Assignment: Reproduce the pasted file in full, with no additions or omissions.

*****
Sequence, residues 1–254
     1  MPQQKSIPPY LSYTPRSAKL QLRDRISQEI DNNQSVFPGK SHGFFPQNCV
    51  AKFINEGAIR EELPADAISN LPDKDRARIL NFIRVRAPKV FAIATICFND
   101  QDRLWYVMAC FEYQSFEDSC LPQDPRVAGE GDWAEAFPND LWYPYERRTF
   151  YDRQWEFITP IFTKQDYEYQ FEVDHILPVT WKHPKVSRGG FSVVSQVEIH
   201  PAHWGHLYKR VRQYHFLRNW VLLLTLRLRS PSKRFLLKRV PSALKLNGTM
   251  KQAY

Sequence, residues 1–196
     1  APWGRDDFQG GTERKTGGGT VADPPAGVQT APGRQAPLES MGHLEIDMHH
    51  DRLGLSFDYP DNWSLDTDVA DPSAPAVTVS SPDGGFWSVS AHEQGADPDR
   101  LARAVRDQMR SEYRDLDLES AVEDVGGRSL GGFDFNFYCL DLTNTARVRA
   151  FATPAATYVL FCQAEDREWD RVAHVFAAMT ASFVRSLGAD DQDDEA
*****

Sequence, residues 1–254
     1  MPQQKSIPPY LSYTPRSAKL QLRDRISQEI DNNQSVFPGK SHGFFPQNCV
    51  AKFINEGAIR EELPADAISN LPDKDRARIL NFIRVRAPKV FAIATICFND
   101  QDRLWYVMAC FEYQSFEDSC LPQDPRVAGE GDWAEAFPND LWYPYERRTF
   151  YDRQWEFITP IFTKQDYEYQ FEVDHILPVT WKHPKVSRGG FSVVSQVEIH
   201  PAHWGHLYKR VRQYHFLRNW VLLLTLRLRS PSKRFLLKRV PSALKLNGTM
   251  KQAY

Sequence, residues 1–196
     1  APWGRDDFQG GTERKTGGGT VADPPAGVQT APGRQAPLES MGHLEIDMHH
    51  DRLGLSFDYP DNWSLDTDVA DPSAPAVTVS SPDGGFWSVS AHEQGADPDR
   101  LARAVRDQMR SEYRDLDLES AVEDVGGRSL GGFDFNFYCL DLTNTARVRA
   151  FATPAATYVL FCQAEDREWD RVAHVFAAMT ASFVRSLGAD DQDDEA